Alice Boman – Dream On (PIAS)

Alice Boman – Dream On (PIAS)

“Waiting is painful. Forgetting is painful. But not knowing which to do is the worse kind of suffering.”

The lines from Paul Coelho’s novel By the River Piedra I Sat Down and Wept are a perfect abstract for Alice Boman‘s fully-formed and affecting debut, Dream On. While it might seem that Boman’s success was written in the stars, despite the overnight success of 2014’s bedroom-written Skissen EPs  and her songs being feature spots on Amazon TV drama Transparent and BBC’s Wanderlust, the modest Malmö-based songwriter perhaps wisely took the slow road to her first album release. That steady pace is reflected in the melancholic power of Dream On. It is as breathtakingly simple and intimate as her previous work, but perhaps signals the closure of that chapter of her life and the opening of a new, as yet, unwritten one.

Those acquainted with Boman’s music, especially her live performances, will know that her voice projects a disarming vulnerability which creates a delicate emotional connection with the listener. Preserving that special quality in the recording of Dream On is composer-producer Patrik Berger, better known for working on self-confident dance hits by Robyn, Charlie XCX or Icona Pop. Not an obvious collaborative choice from either artist’s perspective, but one which adds to the broken rawness of Boman’s delivery just enough atmospheric sheen.

With the ticking to-and-fro between snare and kick drum, chiming keys and quietly thundering synth pads, ‘Wish We Had More Time’ is the finest of opening tracks, succinctly pitching the premise of this album and giving us fair warning that heartbreak is just around the corner. Boman’s memories of love are made flesh and passed onto us as ‘Heart on Fire’ skitters, icily, into frame in all its stark beauty. “All the lonesome mornings and all the sleepless nights, wishing you’d change your mind”, sings Boman as the unshakeably desperate, chilling reality of loneliness sinks deep into the marrow.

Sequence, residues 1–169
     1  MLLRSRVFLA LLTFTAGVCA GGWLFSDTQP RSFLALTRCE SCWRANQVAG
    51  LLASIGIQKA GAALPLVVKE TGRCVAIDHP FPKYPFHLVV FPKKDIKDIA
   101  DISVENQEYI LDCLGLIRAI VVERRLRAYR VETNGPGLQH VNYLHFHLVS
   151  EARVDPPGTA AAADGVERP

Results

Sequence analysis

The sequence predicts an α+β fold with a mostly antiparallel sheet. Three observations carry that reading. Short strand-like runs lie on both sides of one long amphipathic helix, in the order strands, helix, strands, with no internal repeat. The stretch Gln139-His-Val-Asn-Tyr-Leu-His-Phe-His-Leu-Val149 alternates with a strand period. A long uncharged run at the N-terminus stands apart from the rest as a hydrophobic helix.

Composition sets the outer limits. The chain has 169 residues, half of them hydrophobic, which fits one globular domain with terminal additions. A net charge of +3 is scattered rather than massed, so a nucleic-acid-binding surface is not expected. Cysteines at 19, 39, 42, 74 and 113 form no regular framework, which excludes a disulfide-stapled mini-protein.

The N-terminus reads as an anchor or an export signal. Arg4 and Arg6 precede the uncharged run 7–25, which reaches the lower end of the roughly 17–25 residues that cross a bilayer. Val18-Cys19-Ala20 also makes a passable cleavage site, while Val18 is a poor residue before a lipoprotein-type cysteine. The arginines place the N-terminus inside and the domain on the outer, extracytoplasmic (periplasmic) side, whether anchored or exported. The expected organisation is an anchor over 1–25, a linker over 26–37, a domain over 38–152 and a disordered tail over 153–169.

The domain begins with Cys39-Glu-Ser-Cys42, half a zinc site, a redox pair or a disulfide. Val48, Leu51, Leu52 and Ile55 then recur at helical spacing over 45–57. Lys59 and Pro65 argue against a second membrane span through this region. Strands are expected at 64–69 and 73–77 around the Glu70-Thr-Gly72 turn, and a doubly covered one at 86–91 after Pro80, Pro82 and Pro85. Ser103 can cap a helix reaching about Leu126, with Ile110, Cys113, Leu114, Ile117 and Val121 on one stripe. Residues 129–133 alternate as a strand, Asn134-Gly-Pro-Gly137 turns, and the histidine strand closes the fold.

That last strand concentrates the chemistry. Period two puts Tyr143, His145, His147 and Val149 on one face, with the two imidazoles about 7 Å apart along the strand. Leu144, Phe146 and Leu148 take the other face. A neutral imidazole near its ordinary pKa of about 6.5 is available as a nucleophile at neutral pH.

Next, the Lynchian, velveteen waltz of ‘The More I Cry’ lingers gently in the air, as the distant piano refrains of  ‘Who Knows’ fade in, preparing us for the next sucker punch: “I live in a lie, I live in a dream, I’m scared of losing, I’m scared of everything”. Berger’s influence here is so understated that the accompaniment hangs back respectfully, giving room for Boman’s intense sadness to draw us deeply into her reflections. ‘Don’t Forget About Me’ steps up the pace, a gorgeously wistful, soul-inspired shuffle made with glitter ball shimmer.

Much of Dream On‘s appeal is due to its sincere simplicity.  Its classic torch songs touched by a dash of Nordic refinement will nestle quickly into the corners of your mind, their melodies reemerging unexpectedly and suddenly during your day. The second half sees Boman’s healing journey begin on ‘Everybody Hurts’, (not that song), as she searches the night for one more chance to feel something other than heartache. Its glowing dream-pop guitars move the track forwards with hope and resolve and away from the phantom limb pains of lost love. Building in confidence, ‘Hold On’ offers an arm in the darkness, while the positive self-talk of ‘It’s OK, It’s Alright’ deals with acceptance of change and bringing one’s attention back to the present. Although Dream On revels in its haunted past, with all the heady regret and longing, its most lucid moments come when Boman accepts change, even at the risk of enduring more pain. This attempt at transcendence shakes the foundations of what she believes. It is impossible not to be carried along in the dramatic wake of ‘This Is Where It Ends’, with its gospel-like chorus resignations of “it’s over!”.

With its simple melody, the lo-fi ‘Mississipi’ (the only song recorded in Boman’s Malmö apartment) is something short of a coda; a closing track that tantalisingly does not reveal the end. Dream On leaves us abruptly, with the click of a tape recorder and a faint sigh. Whoever broke her heart, however it happened, it is made clear that it was almost all-consuming and we feel privileged to sit quietly alongside Boman as she works it all out. From being left stranded in her past, she somehow makes peace with her thoughts about the future and remembers to always keep dreaming, no matter what.

 

Dream On is out now via Play It Again Sam.

 

 

 

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